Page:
21. 21. Adequate Capital and Cash Flow Tests The Adequate Capital and Cash Flow tests are intended to analyze a company’s robustness to the general economic uncertainty that all businesses face. That is, given its capital structure, can a company survive if its actual performance is slightly below its projections, or if it takes slightly longer to achieve certain assumed changes in the business?
  22. 22. Adequate Capital Test • Determines if a business entity was engaged in a business or a transaction for which it had unreasonably small capital. • Intended to determine whether a company is likely to survive, assuming reasonable business fluctuations in the future. • Analyze the company’s robustness to the general economic uncertainty that all businesses face. • Ratio Analysis • Often applies industry benchmarks
  23. 23. Cash Flow Test • Analyze the company’s ability to generate free cash flow to meet obligations to the creditors. • Project capital required to operate the business and debt capacity and financial flexibility. • Allows to evaluate the company’s capital adequacy and financial flexibility, which might include cash from operations, additional borrowings, reduced capital expenditures, asset sales, or a combination thereof.
  24. 24. Date of Insolvency • A debtor or its duly-empowered successor (e.g., chapter 7 trustee, chapter 11 trustee, liquidation trustee pursuant to a plan) is able to enlarge the estate with cash recovered from certain recipients of transfers from the debtor by what are collectively called “avoidance actions” • Avoidance actions are causes of action under the Code and the Code combined with state law, by which the transfer is “avoided” and the property that had been transferred (usually money) recovered by the debtor or trustee for the benefit of all creditors of the estate. The defeated transferee usually gets an unsecured claim for the amount avoided and recovered • Avoidance actions include actions to avoid and recover preferential transfers and actions to recover fraudulent transfers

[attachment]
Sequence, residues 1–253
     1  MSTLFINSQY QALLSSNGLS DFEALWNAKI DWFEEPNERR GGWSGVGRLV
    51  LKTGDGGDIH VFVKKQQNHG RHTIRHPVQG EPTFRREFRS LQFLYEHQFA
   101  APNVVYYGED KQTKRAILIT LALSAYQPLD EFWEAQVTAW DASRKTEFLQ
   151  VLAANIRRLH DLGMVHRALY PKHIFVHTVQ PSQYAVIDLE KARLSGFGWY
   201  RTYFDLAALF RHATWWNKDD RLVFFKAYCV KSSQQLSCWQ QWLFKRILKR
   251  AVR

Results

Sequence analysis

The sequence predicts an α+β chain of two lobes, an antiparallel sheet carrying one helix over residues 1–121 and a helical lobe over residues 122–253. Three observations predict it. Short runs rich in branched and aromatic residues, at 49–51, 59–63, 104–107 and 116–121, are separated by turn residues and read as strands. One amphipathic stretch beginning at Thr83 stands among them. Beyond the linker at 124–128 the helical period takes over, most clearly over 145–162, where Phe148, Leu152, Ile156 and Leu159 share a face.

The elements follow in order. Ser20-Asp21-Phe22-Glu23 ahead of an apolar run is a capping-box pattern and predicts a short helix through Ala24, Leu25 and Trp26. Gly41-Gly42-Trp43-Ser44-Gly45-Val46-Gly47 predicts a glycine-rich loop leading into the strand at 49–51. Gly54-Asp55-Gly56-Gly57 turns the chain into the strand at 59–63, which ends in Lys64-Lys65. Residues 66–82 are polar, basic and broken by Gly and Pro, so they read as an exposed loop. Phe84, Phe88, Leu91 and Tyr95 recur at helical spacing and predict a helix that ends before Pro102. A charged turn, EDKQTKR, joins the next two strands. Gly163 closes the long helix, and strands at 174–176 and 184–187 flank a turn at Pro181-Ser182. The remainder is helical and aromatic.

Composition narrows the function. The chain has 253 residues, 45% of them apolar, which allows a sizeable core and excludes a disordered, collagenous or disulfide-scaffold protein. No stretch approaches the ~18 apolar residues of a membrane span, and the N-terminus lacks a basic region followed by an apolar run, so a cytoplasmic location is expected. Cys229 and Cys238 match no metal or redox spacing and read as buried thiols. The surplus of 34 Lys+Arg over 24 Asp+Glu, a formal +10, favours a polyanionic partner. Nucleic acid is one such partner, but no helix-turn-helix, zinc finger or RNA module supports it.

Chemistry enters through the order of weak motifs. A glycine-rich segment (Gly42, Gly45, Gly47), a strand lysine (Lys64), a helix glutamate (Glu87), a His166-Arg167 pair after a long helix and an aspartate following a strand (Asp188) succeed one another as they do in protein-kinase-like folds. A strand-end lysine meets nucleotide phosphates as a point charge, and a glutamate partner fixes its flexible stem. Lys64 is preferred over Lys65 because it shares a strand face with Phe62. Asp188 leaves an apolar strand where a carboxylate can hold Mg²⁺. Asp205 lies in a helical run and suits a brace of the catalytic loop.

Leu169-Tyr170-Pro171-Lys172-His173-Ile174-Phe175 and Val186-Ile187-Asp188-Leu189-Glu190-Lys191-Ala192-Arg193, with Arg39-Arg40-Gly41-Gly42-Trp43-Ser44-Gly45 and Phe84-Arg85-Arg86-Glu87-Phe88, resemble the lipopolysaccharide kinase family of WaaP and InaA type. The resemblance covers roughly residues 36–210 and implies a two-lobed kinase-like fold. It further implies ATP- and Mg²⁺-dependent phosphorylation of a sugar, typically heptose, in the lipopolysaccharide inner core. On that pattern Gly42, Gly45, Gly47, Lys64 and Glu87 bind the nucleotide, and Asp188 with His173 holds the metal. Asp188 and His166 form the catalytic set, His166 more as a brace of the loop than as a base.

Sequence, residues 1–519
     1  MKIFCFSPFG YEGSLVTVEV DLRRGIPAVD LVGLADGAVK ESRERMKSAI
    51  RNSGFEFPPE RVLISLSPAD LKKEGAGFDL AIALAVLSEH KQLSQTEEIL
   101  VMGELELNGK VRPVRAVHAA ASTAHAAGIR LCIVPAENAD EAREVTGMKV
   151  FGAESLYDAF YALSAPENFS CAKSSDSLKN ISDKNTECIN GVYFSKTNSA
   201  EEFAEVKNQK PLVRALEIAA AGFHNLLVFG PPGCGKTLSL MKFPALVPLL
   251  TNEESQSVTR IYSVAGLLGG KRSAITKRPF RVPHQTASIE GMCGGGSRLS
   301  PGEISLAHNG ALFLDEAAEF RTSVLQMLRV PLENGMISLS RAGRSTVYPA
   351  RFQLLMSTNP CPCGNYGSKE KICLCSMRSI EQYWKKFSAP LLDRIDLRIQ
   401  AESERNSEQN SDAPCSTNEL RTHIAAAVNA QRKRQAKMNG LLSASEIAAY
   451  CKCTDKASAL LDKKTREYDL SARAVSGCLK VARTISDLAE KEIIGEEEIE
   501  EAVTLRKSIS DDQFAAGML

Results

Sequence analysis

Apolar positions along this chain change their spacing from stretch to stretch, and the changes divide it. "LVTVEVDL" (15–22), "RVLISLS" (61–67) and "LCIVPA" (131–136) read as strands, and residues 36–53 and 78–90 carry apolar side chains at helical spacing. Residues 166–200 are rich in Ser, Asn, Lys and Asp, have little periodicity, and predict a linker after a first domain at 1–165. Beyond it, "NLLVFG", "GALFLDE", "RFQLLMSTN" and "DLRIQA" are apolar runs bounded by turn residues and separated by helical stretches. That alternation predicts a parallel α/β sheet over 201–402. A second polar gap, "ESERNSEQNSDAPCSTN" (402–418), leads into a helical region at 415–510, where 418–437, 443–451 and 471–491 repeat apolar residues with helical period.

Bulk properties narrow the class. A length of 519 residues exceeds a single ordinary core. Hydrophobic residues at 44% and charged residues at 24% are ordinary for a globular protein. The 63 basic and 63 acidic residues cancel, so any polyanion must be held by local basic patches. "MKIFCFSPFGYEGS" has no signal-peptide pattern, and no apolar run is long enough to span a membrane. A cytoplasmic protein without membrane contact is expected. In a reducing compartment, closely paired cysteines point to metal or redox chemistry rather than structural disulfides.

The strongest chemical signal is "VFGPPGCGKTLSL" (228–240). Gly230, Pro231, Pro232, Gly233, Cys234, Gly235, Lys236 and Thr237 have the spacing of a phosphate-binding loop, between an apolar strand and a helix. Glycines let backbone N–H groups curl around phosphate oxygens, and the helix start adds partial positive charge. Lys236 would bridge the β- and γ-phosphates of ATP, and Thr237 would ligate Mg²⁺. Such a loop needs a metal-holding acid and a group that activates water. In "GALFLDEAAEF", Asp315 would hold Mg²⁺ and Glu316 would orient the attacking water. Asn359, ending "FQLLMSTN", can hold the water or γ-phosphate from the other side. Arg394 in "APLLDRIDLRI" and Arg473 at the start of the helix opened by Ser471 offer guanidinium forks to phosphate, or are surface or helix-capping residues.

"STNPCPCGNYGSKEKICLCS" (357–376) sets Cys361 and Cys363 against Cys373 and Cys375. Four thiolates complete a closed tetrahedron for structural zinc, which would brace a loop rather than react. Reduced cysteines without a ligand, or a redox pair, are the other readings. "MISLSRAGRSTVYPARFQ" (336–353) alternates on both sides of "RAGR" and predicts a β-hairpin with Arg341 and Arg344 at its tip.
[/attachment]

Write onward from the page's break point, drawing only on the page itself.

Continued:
25. 25. Why Date of Insolvency Matters • The Bankruptcy Code defines “insolvency” as a “financial condition such that the sum of such entity's debts is greater than all of such entity's property, at a fair valuation, …. (Emphasis added.) 11 U.S.C. § 101(32)(A). • This quasi-balance sheet test for insolvency necessitates a valuation of the debtor’s property as of the relevant date. • Premises of Value Used in Avoidance Actions: ✓ Liquidation Value: may be appropriate if it is more likely than not that the business will fail within the reasonably foreseeable future. ✓ Going Concern Value: may be appropriate if the business is operating as a going concern.
  26. 26. Key Cases Regarding Insolvency • In re Xonics Photochemical, Inc., 841 F.2d 198 (7th Cir. 1988) (on valuing contingent liabilities at the face amount multiplied by the probability that liability will become due) • Statutory Comm. Of Unsecured Creditors v. Motorola, Inc. (In re Iridium Operating LLC), 373 B.R. 283 (Bankr. S.D.N.Y. 2007) (market data preferred, under facts of the case, to reconstituted projections) • Ogle v. JT Miller, Inc. (In re HDD Rotary Sales, LLC), Adv. No. 13-03031 (Bankr. S.D. Tex. Oct. 15, 2013) (evaluating retrojection analysis of debtor’s insolvency at time of transfers) • Whyte v. C/R Energy Coninvestment II, L.P. (In re SemCrude, L.P.), Adv. No. 10-51808 (Bankr. D. Del. June 10, 2013)(valuation on a going concern basis, discussing in detail the Income Approach, Market Approach, and Asset-Based Approach) • Richardson v. Checker Acquisition Corp. (In re Checker Motors Corporation), 2013 WL 3279791 (Bankr. W.D. Mich. June 10, 2013)(holding that contingent multiemployer pension liability can be considered in valuation of insolvency under UFTA but not under Code section 548)
  27. 27. About the Faculty 28